The constitution provides for an independent judicial system, made up of the High Court, the Court of Appeal, Magistrate's Courts, and traditional courts that exist predominantly in rural areas. All but one of the Justices on the Court of Appeal are South African jurists. There is no trial by jury; rather, judges make rulings alone or, in the case of criminal trials, with two other judges as observers.

The constitution protects some civil liberties, including freedom of speech, freedom of association, freedom of the press, freedom of peaceful assembly and freedom of religion. Lesotho was ranked 12th out of 48 sub-Saharan African countries in the 2008 Ibrahim Index of African Governance.[19]

As of 2010, the People's Charter Movement called for the practical annexation of the country by South Africa due to the HIV epidemic. Nearly a quarter of the population tests positive for HIV.[20] The country has faced unemployment, economic collapse, a weaker currency, and travel documents restricting movement. An African Union report called for economic integration of Lesotho with South Africa and stopped short of suggesting annexation. In May 2010 the Charter Movement delivered a petition to the South African High Commission requesting integration. South Africa's home affairs spokesman Ronnie Mamoepa rejected the idea that Lesotho should be treated as a special case. "It is a sovereign country like South Africa. We sent envoys to our neighbours – Botswana, Zimbabwe, Swaziland and Lesotho – before we enforced the passport rule. When you travel from Britain to South Africa, don't you expect to use a passport?"[21]

Foreign relations

Lesotho is a member of some regional economic organisations, including the Southern African Development Community (SADC),[22] and the Southern African Customs Union (SACU).[23] It is active in the United Nations (UN), the African Union (AU), the Non-Aligned Movement, the Commonwealth, and other international organisations.[24]

Lesotho has maintained ties with the United Kingdom (Wales in particular), Germany, the United States and other Western states. It broke relations with China and re-established relations with Taiwan in 1990, and later restored ties with China. It recognises the State of Palestine.[25] From 2014 up until 2018 it recognised the Republic of Kosovo.[26]

It was a public opponent of apartheid in South Africa and granted a number of South African refugees political asylum during the apartheid era.[25] In 2019, it signed the UN treaty on the Prohibition of Nuclear Weapons.[27]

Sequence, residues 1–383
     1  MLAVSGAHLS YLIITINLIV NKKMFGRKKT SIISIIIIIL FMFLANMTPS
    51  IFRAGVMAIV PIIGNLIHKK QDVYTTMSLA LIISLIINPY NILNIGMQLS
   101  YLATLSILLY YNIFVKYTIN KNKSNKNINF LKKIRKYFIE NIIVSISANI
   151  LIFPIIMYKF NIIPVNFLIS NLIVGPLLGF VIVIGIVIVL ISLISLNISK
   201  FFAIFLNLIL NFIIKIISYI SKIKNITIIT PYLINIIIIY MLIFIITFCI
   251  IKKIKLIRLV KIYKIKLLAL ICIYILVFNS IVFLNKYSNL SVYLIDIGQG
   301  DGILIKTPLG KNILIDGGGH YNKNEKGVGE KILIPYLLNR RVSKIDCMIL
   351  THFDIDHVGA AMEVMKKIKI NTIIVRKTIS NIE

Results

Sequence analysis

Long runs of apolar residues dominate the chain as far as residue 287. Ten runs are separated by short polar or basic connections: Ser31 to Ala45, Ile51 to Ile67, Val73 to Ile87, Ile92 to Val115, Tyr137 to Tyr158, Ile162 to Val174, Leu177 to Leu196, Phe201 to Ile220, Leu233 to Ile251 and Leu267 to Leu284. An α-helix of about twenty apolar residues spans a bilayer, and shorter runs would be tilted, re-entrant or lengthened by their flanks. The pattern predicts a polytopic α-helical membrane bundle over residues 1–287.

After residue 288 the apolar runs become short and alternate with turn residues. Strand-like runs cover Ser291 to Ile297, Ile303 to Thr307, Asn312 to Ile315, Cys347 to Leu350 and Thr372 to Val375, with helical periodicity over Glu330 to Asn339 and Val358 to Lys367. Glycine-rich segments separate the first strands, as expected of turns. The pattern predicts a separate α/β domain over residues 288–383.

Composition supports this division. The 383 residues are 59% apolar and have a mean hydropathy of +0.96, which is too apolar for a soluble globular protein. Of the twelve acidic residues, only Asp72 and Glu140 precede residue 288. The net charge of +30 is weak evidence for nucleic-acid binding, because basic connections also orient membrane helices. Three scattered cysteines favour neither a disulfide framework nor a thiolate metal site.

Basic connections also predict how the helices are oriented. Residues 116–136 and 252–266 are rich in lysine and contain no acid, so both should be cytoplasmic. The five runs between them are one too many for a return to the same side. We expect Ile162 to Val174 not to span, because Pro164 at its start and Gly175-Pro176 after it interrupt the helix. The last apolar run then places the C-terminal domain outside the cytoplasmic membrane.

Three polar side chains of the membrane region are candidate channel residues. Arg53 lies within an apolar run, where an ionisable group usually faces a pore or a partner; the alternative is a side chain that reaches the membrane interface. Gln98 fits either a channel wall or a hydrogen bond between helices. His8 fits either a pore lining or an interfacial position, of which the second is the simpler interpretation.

Defence and law enforcement

The Lesotho Defence Force (LDF) is charged with the maintenance of internal security and the defence of Lesotho. Its chief officer is designated Commander.[28]

The Lesotho Mounted Police Service (LMPS) is charged with the maintenance of law and order. Its chief officer is designated Commissioner. LMPS provides uniformed policing, criminal detection, and traffic policing. There are specialist units dealing with high-tech crime, immigration, wildlife, and terrorism. The force has existed, with changes of name, continuously since 1872.

The Lesotho National Security Service (LNSS) is charged with the protection of national security. Its chief officer is designated Director by the Constitution. LNSS is an intelligence service, reporting directly to the Government. The power to appoint or dismiss a Director is vested directly in the Prime Minister.

Law

Lesotho does not have a single code containing its laws; it draws them from a variety of sources including: Constitution, Legislation, Common Law, Judicial precedent, Customary Law, and Authoritative texts.[29]

The Constitution of Lesotho came into force after the publication of the Commencement Order. Constitutionally, legislation refers to laws that have been passed by both houses of parliament and have been assented to by the king (section 78(1)). Subordinate legislation refers to laws passed by other bodies to which parliament has by virtue of section 70(2) of the Constitution validly delegated such legislative powers. These include government publications, ministerial orders, ministerial regulations and municipal by-laws.

While Lesotho shares with South Africa, Botswana, Eswatini, Namibia and Zimbabwe a mixed general legal system which resulted from the interaction between the Roman-Dutch Civilian law and the English Common Law, its general law operates independently. Lesotho applies the common law, which refers to unwritten law or law from non-statutory sources, and excludes customary law. Decisions from South African courts are only persuasive, and courts refer to them in formulating their decisions. Decisions from some jurisdictions can be cited for their persuasive value. Magistrates' courts decisions do not become precedent since these are lower courts. They are bound by decisions of the High Court and the Court of Appeal. The Court of Appeal, the final appellate forum on all matters, has a supervisory and review jurisdiction over all the courts of Lesotho.

Lesotho has a dual legal system consisting of customary and general laws operating side by side. Customary law is made up of the customs of the Basotho, written and codified in the Laws of Lerotholi. The general law on the other hand consists of Roman Dutch Law imported from the Cape and the Lesotho statutes. The codification of customary law came about after a council was appointed in 1903 to advise the British Resident Commissioner on which laws would be best for governing the Basotho. Until this time, the Basotho customs and laws were passed down from generation to generation through oral tradition. The council was given the task of codifying them, and they came up with the Laws of Lerotholi which are applied by customary courts today (local courts). Written works of certain authors have persuasive value in the courts of Lesotho. These include writings of the "old authorities as well as contemporary writers from similar jurisdictions".